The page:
Anxiety & Depression

 

Many of us will have some experience of these feelings and usually we will have learnt how to deal with them. However when we travel additional stress can sometimes make symptoms worse or
bring out underlying feelings or problems we have been struggling with affecting our wellness and mental health. Feelings of anxiety and depression often go together so this information sheet is about both.

What are the symptoms of anxiety and depression ?

As well as having a low mood or feeling stressed  we may lose sleep, loose  appetite and find it harder to relax, concentrate or work. Life may be less enjoyable and we may
lose our sense of humour. Our sex drive may become less, or occasionally more. Sometimes too we may have physical symptoms such as palpitations, sweating, muscle tension and pains, breathing problems, dizziness, faintness, indigestion and diarrhoea. In order to avoid such unpleasant symptoms people tend to avoid situations which may trigger them, meaning their activities can become a bit restricted. This may be a bit harder to do when overseas or working in a team.

How are symptoms graded?

Symptoms of anxiety and depression are classified as mild, moderate or severe depending on the
extent to which they interfere with the normal way we function. Mild symptoms are commonly linked to a stressful life event and resolve with little, if any, treatment; moderate symptoms may
respond to psychological help alone: severe symptoms usually require medication and sometimes
hospital admission as well.

What can trigger these symptoms?

Anyone, whatever their age, gender or background, can be affected by anxiety or depression.
There are some factors which make us more vulnerable to developing these disorders, including
our genes, family background and childhood experiences. So can chronic physical ill health and
the misuse of alcohol or drugs, including marihuana.

A specific event may trigger an episode of anxiety or depression. If we have experienced these
symptoms before, especially recently or severely, they may come back without any obvious cause
or be brought on by something we would usually be able to deal with. In general the longer we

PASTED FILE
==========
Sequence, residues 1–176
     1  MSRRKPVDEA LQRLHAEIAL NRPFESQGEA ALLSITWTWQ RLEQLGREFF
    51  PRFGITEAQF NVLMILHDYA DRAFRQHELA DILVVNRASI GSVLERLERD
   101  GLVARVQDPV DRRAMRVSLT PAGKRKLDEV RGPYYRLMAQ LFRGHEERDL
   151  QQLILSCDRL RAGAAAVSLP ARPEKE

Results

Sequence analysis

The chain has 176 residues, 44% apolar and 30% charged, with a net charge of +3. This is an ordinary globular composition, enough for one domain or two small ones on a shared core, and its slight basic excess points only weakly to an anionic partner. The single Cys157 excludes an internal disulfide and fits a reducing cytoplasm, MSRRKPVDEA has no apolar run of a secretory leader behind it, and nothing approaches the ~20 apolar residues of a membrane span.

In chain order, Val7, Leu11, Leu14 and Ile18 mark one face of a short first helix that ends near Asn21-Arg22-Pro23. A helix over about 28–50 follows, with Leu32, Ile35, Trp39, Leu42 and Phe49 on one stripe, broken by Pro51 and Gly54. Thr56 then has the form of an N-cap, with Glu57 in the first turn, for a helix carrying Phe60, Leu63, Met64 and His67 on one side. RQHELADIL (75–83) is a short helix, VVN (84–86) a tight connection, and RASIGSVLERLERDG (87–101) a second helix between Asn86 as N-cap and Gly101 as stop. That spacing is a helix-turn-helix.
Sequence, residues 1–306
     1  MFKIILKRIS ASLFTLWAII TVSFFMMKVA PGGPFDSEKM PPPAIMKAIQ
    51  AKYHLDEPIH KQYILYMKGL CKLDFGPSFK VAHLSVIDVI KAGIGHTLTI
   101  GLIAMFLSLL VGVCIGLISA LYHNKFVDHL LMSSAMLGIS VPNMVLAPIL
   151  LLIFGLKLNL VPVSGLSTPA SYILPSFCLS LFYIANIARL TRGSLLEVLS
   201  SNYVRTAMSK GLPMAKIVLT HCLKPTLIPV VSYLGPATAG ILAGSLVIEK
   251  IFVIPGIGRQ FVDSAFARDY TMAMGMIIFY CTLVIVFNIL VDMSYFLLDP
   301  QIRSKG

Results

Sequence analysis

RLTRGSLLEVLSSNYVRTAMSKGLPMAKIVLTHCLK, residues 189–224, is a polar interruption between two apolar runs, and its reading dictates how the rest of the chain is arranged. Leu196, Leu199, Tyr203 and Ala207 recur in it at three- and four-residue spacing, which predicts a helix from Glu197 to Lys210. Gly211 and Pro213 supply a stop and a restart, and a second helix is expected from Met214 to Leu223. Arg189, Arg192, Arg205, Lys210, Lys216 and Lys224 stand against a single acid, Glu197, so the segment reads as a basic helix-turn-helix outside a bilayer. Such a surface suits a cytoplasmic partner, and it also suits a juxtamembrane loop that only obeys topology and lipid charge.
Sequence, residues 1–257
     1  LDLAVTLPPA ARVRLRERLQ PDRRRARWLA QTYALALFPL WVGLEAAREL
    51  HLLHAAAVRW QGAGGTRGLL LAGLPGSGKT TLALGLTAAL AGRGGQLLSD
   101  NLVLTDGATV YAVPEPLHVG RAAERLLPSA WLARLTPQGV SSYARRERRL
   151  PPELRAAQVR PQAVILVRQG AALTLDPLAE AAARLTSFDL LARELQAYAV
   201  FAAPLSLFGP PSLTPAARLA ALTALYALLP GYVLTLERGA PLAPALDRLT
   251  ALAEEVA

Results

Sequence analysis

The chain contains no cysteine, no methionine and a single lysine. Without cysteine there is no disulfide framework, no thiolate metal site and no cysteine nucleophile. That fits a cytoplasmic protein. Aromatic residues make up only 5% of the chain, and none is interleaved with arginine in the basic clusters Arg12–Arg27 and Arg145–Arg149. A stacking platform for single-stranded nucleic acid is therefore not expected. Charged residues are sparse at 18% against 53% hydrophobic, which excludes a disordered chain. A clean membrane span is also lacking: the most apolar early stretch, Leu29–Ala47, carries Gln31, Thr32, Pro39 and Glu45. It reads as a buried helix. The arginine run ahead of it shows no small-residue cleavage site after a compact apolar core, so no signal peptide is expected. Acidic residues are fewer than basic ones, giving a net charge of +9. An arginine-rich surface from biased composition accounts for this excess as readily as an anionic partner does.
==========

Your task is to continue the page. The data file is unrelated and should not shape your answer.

have gone since we had any significant problems the more likely it is we will be able to cope.

How can we deal with depression & anxiety?

Before going there are some things we can do:

+ An approach known as Cognitive Behaviour Therapy [CBT] works well for many people with
mild to moderate conditions and can give skills in dealing with problems which might
otherwise be a bit beyond us. Unfortunately it is not always easy to get access to CBT but
there are several self-help resources that use this approach.

+Counselling can also be helpful in understanding how the condition came about and
addressing some of the factors that may have contributed. Sometimes psychotherapy can
help if there are more major issues that from the past that need to be dealt with, but it is
better not to start this if you are feeling depressed.

+Sometimes medication can be very helpful. For anxiety, tablets called benzodiazepines
e.g. diazepam are good at relieving symptoms but should only be used for a short time.
Antidepressants are the drugs most commonly used for both anxiety and depression and of
these the SSRIs e.g.fluoxetine or paroxetine are the most commonly used. There are many
people working overseas (and home) who have found that these enable them to carry on
with their normal activities. Current guidelines recommend that these drugs should be
continued for a period of 4-6 months after recovery, to reduce the risk of illness
returning, and because additional symptoms can occur when we start reducing the dose.
Staying on antidepressants may be helpful in some cases to keep anxiety under control or
to prevent recurrent depression.

When depression is part of a recurring condition such as Bipolar Disorder[swinging from being very elated to quite depressed) drugs known as mood stabilisers are often helpful e.g. lithium,
carbamazepine and valproate. With some of these drugs regular monitoring by blood tests are
needed- which can often be arranged in main cities abroad. Again they can enable many people to continue working in overseas situations.